Tuesday, November 29, 2016


About twenty five years ago, a friend told me that his sister-in-law was despondent because she had lost her cat.  I was not a cat owner at the time.  When the friend went on about how the sister-in-law had become so sad about the loss, I said to my friend, "Hey, it's a cat."

Thirteen or fourteen years ago, Donna came home with a kitten. It was a tiny thing. A friend had told her there was a litter, and we had talked some about getting a pet, so she drove up the north shore and came back with this cat who had been placed in a carton box for the drive. I was watching a football game when she returned and was essentially on my back in the recliner.  Donna dropped the cat on my chest and went out to buy stuff for the critter. He was so small and hardly moving. There was such little motion that at one point I thought the guy had died on my chest.

In my family we never had pets growing up and I had my doubts about whether being a pet owner would be a positive experience.  In no time, however, I became very attached.  He was an orange and white long hair so we called him, very appropriately, Pumpkin.

Had you told me two months or two years or twenty years before Donna kerplunked Pumpkin on my chest that I would have become enamored with a cat I would not have bought it.  But enamored I became.  I enjoyed hanging with the guy and found him to be a terrific companion.  Once when I was sick and Donna out of town, he popped up on the bed and hung out with me all night as if he knew I could use a looking after.

Like me, Pumpkin was fairly autonomous.  We decided to allow him to be an outdoor cat, and the Pump reveled in the freedom. He would scamper out in the most awful weather. We'd see him climbing trees, chasing squirrels, rolling around on the sidewalk.  When he was out at night, he typically returned around 10.  A few times he hit the late bars causing no small amount of angst in our quarters, but then he would show up in the wee hours walking back as if to say, "Whaddaya worrying about.  I'm fine."

On Saturday afternoon we picked up the Pump from the cat hotel where he was lodging while we went to eat turkey in Philadelphia.  He was his normal self on Saturday, bouncing around the house when he returned, scarfing down his special food, meowing to get out or have us turn the water on in the bathroom,so he could drink by the sink.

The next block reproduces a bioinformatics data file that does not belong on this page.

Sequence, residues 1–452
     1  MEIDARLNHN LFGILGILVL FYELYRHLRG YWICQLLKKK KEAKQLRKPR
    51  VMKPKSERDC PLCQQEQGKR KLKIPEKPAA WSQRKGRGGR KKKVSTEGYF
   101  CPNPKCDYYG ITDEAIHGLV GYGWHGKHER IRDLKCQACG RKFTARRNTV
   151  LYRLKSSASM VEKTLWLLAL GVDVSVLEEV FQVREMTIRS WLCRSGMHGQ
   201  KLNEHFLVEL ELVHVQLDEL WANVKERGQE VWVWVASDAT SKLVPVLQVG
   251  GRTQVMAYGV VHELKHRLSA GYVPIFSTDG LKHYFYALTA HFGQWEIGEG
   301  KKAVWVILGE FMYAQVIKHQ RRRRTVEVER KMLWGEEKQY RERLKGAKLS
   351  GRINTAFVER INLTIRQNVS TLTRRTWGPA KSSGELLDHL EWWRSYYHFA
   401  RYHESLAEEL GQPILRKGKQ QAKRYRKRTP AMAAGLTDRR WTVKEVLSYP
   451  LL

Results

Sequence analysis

Sunday morning was the same routine. Tough to drink my coffee and read the paper with the guy meowing requesting this or that.  Sunday night at around 6 Donna let him out while I was watching the Patriots play at a local tavern.  We would let the guy out as late as 9 since he always came home. I've let him out as late as 10.

When I returned around 630 Donna asked me if I had seen him in the driveway. I had not.  Around 9 we began to worry as he had not eaten in a spell. At 11 we walked the neighborhood with a flashlight. Then again at 1 am.

The Pump is still not back. I came home early yesterday, Monday, figuring for sure he would be on the side porch waiting to get in.  No Pump.  The food we left out for him was untouched.  When I saw the full bowl on the porch my heart sank.

The guy is probably gone.  Even if he is not, he has to eat special food, so if someone found him and is feeding him, he will be sick soon enough.  We have posters and put the guy's mug on facebook.  No news.

The Pump was a great cat.  Wherever you are, we miss you, little guy.  If you are near a computer give us a ping.

Monday, November 21, 2016


The brouhaha around the Pence-Hamilton incident is, on the surface, a tempest in a teapot.  However, below the surface, I am not sure what occurred is insignificant.

(1) The President-elect is entitled to tweet his opinion on whether a cast member can or should make a statement directed at the Vice President-elect. The President-elect is also entitled to negatively characterize the actor's comments--even if his characterization is, as it was, inaccurate to any dispassionate ear.  And the audience is entitled to voice its collective disdain for the Vice President in the manner that it did. If the second amendment is to be preserved at all costs, it is for sure and certain that the first amendment should be preserved and observed.

So while the right to utter comments is indisputable and all the commotion about how appropriate it might be is something I will think about if I live beyond 145 and have some free time, the potential chilling effects on free speech that could be the residual of Trump's tweet, are not benign.  Might people begin to fear voicing their opinion lest they be the subject of inquiries by the president of the country?  Could comments about, for example, the media being "bad people", SNL being "unfair", and the Times printing irresponsibly, retard anyone's or any medium's willingness to communicate critically?